Blood test to identify brain damage hours after birth

Such blood-profiling could be a rapid, low-cost tool for developing countries

Updated - August 15, 2020 07:20 pm IST

Published - August 15, 2020 07:17 pm IST

“The piercing first cry of babies is not just a symbol of new life but a desperate puff for air... lack of oxygen to the brain for whatever reason can cause a wide range of neurological damages, and in some cases, even death,” explains Prof. C.N. Kamalarathnam from the Institute Of Child Health and Hospital for Children, Chennai. He was part of an international team that has designed a new blood test to identify if a newborn baby deprived of oxygen at birth is at risk of developing neurological disabilities later. Such babies are known to have trouble in learning and hearing, low IQ, and even develop cerebral palsy.

Gene activity

The team collected blood samples soon after birth from 47 babies in India (Bengaluru, Chennai, Mumbai and Thiruvananthapuram) who experienced this oxygen deprivation and studied their gene activity.

They identified 855 genes that were “switched on or off” at the time of birth in the babies who had neurological disability later, compared to those who did not. They point out two genes named RGS1 and SMC4 which were the most significant .

“By identifying babies that have a different gene activity soon after birth, we can track down [those]who will have adverse outcomes and need specific care. This is a preliminary study and tests on larger cohorts are essential. The results suggest that such blood profiling may be a promising rapid and cheap tool in developing and underdeveloped countries,” adds lead author of the paper published in Scientific Reports, Dr. Paolo Montaldo from Imperial College, Centre for Perinatal Neuroscience, London, in a Skype call to The Hindu.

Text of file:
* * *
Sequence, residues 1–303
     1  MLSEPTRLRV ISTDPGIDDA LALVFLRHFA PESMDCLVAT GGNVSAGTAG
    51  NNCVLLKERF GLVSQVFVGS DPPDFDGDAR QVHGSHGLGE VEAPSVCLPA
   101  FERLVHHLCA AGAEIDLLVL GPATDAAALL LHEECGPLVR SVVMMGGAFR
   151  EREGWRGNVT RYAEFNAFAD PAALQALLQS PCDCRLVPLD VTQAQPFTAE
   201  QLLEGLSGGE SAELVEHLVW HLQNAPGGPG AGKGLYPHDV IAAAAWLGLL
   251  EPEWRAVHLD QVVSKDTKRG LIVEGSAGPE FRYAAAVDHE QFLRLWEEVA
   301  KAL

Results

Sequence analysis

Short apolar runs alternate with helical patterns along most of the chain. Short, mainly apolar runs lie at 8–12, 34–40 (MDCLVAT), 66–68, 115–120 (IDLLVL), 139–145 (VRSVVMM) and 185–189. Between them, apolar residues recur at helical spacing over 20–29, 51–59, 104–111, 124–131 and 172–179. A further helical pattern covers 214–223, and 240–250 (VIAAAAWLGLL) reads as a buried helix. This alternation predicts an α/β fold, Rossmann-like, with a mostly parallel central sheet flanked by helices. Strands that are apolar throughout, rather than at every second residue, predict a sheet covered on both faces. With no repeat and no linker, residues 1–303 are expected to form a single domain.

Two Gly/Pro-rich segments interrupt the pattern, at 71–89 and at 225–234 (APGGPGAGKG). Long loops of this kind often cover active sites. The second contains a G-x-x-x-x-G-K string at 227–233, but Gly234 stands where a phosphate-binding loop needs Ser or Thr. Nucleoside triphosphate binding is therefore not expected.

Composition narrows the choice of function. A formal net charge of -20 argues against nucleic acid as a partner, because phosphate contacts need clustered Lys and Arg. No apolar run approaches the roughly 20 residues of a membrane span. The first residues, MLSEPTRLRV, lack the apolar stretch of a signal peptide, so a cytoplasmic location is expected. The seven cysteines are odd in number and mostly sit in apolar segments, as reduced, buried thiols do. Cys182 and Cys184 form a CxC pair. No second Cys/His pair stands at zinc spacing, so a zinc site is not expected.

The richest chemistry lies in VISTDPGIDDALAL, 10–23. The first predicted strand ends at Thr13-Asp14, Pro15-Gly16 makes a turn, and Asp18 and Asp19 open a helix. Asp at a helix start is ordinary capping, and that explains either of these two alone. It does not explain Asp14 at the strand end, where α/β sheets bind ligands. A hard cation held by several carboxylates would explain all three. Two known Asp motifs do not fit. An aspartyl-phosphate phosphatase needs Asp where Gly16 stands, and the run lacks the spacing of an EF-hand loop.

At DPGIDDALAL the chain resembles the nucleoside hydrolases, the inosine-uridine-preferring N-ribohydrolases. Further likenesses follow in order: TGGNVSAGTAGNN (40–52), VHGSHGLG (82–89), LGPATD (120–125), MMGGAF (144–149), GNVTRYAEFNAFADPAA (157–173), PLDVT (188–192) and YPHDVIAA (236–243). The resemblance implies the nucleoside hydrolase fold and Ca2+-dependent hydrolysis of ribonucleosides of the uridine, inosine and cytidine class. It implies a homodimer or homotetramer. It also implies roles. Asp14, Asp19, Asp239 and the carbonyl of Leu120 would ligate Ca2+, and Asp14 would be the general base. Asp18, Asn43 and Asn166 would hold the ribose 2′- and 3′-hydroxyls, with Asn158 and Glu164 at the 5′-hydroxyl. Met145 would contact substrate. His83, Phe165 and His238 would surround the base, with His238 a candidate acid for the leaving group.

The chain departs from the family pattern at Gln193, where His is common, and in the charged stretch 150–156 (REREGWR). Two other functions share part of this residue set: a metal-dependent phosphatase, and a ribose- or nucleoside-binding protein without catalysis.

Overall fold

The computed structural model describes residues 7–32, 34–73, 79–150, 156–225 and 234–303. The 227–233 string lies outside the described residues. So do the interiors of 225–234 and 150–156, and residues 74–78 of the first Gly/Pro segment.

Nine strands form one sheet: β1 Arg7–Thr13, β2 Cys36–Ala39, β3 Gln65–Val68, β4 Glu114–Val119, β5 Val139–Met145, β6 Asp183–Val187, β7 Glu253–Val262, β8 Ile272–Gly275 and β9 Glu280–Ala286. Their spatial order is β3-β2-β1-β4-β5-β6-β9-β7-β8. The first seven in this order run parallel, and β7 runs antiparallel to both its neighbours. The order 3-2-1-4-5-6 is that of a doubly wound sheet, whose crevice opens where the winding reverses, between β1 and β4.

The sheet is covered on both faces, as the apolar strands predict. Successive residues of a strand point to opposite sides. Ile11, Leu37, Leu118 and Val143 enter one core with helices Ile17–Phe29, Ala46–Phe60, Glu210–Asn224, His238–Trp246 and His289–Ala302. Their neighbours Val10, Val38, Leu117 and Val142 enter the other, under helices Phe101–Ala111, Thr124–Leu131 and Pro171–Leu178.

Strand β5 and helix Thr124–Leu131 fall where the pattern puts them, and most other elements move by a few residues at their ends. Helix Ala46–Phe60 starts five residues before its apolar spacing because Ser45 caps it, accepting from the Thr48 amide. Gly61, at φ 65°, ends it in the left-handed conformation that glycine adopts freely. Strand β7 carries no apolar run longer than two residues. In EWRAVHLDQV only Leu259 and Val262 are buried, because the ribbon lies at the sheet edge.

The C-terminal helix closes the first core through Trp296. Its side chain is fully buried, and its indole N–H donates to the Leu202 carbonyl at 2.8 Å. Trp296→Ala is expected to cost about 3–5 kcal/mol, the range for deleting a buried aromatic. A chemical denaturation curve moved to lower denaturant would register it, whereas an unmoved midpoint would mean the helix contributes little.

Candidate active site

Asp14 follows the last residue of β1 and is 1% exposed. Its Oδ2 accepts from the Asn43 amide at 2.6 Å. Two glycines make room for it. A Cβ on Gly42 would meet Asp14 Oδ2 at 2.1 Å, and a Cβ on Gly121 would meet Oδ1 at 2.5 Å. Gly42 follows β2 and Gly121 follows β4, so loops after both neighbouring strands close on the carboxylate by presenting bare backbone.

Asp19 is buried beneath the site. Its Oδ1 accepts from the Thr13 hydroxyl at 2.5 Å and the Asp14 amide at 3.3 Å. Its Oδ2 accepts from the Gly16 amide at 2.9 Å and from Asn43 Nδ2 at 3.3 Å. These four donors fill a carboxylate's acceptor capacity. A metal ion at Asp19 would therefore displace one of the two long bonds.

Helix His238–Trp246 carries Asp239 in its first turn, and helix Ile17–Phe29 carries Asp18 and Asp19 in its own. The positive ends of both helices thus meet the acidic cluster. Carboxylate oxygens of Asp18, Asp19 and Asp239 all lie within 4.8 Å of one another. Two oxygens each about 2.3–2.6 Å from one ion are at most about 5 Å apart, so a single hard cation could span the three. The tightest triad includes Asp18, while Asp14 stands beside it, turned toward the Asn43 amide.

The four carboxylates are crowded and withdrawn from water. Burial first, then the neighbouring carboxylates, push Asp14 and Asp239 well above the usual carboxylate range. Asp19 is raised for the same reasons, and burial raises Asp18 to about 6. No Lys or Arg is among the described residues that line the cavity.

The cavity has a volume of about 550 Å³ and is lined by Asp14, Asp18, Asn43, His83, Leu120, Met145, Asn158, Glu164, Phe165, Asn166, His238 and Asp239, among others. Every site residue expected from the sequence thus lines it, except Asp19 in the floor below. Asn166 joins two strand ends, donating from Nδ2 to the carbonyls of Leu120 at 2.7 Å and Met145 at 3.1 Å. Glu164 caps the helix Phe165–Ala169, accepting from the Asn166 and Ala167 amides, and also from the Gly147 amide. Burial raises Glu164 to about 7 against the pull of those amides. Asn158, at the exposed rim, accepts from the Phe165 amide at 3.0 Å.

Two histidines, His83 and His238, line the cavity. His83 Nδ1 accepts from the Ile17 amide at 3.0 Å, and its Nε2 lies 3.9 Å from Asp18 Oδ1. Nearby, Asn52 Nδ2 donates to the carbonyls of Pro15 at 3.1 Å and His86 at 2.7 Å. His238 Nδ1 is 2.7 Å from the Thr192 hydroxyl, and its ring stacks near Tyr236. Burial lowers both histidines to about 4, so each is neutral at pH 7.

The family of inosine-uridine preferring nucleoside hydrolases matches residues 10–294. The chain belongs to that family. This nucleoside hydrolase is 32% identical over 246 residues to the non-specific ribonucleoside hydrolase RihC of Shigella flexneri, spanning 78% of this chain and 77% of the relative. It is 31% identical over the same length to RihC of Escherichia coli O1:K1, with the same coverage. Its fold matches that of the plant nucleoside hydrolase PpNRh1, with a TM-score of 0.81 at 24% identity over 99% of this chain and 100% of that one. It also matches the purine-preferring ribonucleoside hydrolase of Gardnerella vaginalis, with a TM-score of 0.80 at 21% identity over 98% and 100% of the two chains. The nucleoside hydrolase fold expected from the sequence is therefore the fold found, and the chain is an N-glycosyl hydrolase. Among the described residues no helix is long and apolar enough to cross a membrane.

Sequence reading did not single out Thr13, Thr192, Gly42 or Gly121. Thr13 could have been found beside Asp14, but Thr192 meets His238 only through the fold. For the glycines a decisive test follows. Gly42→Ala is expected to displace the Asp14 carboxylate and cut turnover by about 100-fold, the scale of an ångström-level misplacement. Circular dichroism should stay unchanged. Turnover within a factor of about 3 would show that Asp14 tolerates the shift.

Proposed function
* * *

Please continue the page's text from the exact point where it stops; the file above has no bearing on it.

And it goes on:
Hypothermia study

This study was part of a trial called HELIX (Hypothermia for Encephalopathy in Low and middle-income countries). The study is being carried out in India, Sri Lanka and Bangladesh, where the researchers examine the use of whole-body cooling in oxygen-deprived babies.

“In India, after prematurity and infection, lack of oxygen to the brain is the cause of neonatal mortality or death within 28 days of birth. In Western countries, this therapeutic hypothermia or cooling is well documented and is even the standard care for such babies,” explains Dr.B.H. Prathik from the Indira Gandhi Institute of Child Health in Bengaluru, an author of the paper.

“Newborn babies’ body temperature is usually at 36.5 to 37.5 degrees Celsius. But in this treatment, they are wrapped in a small blanket of 33.5 degrees Celsius for 72 hours and gradually rewarmed. We are still studying if this method will work in our country and can help reduce mortality and neurological damage. The results are yet to be published,” he adds.

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